Everything About Capital Markets & Their Types

Which comes to your mind when you hear the word markets? Do you picture a vendor selling goods in exchange for money? capital market Well, we are all familiar with this type of market. But, you will be surprised to learn that some important markets are not available in the form of stores. In fact, there is a market where buyers and sellers probably never meet in person. This market also has a huge significance on our economy. It is called the financial markets.

What is a Financial Market?

A vegetable market is a place where buyers and sellers meet to exchange vegetables for cash. Similarly, a financial market is a place where lenders and borrowers of money meet. In our economy, you will always find a set of individuals who have surplus funds and are looking to invest. These individuals are known as investors. While there are others who are in need of money. They are known as borrowers. The role of the financial market is to bridge the gap between the two.  So, the market in which the individuals with surplus money meet the individuals who need money is called a financial market. Watch this video to know everything about the financial market  
There are two types of financial markets:
  • Capital Markets: Here borrowers raise funds for more than a year.
  • Money Markets: Here borrowers raise funds for less than a year.
In this article, let’s focus and learn everything about capital markets including:
  1. What are capital markets?
  2. History of capital markets in India
  3. Basic structure of capital markets
  4. Types of capital markets
  5. Role of SEBI in capital markets
It is just like any other market, but the instrument being traded between the buyer and the seller is capital (money). This capital is raised for more than a year. Hence, it is also called a long term investment.

But why do we need capital markets?

Simply because capital is the core of any company. A business will not be able to produce goods if there is no capital. It will not be able to pay its employees and other liabilities without capital. Even governments need capital to build roads, bridges and conduct other welfare activities for their citizens. So, it’s safe to say that capital is at the core of any economy. It helps the country improve its standard of living. Hence, having a capital market is crucial.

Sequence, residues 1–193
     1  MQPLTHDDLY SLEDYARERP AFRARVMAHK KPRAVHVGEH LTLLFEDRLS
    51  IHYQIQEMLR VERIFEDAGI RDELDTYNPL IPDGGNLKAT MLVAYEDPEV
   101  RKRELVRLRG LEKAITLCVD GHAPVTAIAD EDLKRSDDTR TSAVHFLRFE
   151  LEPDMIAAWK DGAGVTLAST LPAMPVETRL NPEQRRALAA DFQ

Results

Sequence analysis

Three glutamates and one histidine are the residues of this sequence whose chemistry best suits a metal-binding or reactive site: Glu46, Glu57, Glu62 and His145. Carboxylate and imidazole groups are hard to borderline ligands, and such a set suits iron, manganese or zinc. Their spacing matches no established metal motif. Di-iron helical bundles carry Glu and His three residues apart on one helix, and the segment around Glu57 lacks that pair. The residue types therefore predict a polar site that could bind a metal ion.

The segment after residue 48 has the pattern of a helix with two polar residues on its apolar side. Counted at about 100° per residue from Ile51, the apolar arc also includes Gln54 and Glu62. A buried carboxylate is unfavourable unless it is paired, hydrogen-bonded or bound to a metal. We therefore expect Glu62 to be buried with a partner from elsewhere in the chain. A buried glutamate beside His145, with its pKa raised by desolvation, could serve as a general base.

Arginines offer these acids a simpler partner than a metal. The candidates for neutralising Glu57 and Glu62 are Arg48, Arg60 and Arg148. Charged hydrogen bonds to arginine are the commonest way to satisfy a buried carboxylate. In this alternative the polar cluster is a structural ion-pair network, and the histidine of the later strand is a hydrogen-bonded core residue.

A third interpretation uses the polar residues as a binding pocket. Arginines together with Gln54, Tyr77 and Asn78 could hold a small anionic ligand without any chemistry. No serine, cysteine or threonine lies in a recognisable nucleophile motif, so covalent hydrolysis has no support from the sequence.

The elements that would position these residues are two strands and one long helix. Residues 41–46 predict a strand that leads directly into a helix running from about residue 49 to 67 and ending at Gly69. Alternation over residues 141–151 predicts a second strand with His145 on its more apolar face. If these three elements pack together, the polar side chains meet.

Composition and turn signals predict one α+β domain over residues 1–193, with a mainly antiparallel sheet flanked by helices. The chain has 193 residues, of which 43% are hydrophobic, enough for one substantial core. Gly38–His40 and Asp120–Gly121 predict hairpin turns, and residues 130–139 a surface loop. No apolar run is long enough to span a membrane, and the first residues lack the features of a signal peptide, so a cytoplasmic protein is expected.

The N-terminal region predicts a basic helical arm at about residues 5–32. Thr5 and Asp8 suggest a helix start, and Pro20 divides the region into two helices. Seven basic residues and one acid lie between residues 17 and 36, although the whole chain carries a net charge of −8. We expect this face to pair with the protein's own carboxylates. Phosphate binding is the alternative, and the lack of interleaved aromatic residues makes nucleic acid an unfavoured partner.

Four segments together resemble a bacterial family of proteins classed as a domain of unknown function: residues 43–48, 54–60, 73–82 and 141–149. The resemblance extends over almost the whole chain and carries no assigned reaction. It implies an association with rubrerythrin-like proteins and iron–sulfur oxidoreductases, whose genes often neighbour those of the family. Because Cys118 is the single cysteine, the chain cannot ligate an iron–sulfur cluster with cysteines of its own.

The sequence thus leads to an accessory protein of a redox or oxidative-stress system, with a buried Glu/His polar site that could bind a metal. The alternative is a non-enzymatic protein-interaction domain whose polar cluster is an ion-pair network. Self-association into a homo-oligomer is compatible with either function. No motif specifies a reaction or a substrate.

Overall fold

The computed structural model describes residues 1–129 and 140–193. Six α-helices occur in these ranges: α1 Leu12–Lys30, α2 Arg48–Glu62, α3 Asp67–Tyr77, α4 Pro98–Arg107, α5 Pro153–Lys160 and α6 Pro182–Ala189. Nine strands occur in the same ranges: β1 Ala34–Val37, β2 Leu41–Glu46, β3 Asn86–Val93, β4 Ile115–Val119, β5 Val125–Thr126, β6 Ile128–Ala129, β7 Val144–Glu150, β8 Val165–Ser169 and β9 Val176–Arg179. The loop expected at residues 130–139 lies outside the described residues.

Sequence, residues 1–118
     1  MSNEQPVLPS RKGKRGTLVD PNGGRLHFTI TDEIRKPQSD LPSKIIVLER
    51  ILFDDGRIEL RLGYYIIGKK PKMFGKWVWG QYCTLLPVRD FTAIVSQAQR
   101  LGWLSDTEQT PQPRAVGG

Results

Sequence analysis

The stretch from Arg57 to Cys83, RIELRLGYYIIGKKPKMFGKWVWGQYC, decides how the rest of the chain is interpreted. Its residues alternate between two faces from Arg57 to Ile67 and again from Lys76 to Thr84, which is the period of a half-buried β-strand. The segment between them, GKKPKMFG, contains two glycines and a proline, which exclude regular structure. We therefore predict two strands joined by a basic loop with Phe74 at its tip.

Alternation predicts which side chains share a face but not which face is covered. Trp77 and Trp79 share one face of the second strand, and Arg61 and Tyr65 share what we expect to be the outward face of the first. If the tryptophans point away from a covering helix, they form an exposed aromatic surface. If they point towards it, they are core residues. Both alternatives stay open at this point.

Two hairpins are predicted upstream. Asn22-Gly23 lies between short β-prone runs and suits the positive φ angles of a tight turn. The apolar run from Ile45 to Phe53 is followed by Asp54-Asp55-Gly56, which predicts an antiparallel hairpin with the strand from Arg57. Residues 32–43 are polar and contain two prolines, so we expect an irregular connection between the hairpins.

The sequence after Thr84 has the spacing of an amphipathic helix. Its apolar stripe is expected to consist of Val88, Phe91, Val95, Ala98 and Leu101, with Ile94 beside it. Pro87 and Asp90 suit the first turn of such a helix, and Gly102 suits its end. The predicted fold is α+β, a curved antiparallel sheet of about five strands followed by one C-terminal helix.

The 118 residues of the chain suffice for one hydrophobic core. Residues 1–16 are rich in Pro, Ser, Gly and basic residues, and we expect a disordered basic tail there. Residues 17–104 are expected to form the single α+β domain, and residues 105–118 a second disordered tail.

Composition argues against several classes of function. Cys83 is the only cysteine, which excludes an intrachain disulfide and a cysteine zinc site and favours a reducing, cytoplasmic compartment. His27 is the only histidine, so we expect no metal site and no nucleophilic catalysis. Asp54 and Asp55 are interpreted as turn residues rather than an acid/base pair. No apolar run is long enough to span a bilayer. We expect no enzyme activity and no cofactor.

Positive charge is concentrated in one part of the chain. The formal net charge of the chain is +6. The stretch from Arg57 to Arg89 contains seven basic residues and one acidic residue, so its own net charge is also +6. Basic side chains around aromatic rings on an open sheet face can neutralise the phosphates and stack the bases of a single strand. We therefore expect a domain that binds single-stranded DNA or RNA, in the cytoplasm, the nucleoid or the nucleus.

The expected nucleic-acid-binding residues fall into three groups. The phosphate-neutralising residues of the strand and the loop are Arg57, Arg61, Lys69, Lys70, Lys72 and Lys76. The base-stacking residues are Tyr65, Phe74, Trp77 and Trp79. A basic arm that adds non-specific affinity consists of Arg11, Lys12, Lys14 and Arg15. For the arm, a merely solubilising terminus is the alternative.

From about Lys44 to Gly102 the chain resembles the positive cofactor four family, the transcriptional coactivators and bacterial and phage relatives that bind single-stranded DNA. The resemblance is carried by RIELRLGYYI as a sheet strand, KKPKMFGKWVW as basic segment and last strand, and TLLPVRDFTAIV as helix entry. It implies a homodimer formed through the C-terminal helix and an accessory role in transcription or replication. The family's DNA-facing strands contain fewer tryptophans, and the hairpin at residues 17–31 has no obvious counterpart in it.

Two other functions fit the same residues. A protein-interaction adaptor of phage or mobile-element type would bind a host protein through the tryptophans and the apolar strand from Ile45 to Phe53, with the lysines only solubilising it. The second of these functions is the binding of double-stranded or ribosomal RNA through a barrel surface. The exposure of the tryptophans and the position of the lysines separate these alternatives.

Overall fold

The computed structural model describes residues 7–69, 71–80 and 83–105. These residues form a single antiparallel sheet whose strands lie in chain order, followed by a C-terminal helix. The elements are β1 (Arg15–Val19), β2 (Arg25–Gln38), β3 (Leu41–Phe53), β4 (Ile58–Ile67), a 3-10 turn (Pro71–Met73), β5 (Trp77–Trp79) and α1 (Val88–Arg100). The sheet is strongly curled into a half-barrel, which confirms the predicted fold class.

History of Capital Markets in India

To explore the roots of capital markets, we need to go back to 1947. During the time of independence, India was an underdeveloped country. Most households were poor and had little to no savings. Companies used to approach banks to raise capital. But with low savings rate, even banks were unable to provide huge loans. Looking at this situation, the government had to set up financial institutions like the Industrial Development Bank of India (IDBI). Over the period of time, IDBI played the role of being the apex institution for lending loans. It also helped industries in planning and development of new projects. After globalisation of the Indian economy in 1991, many foreign institutional investors (FII’s) from across the world started to invest in India through the securities markets. This led to its massive growth. But in 1992, the Harshad Mehta Scam revealed the inadequacies of our capital markets. This was a turning point for Indian capital markets. It led to the formation of the Securities and Exchange Board of India (SEBI). Mr P Chidambaram (former Finance Minister) abolished the long-term capital gains (LTCG) tax on securities and kept short-term capital gains tax at 10% in 2005. He did it to encourage retail participation in the stock markets.  The Indian capital markets have seen tremendous growth in technology and the S&P BSE Sensex has surpassed 50,000 levels despite LTCG tax being reintroduced in 2018. Let us now understand the structure of capital markets and how the capital markets work.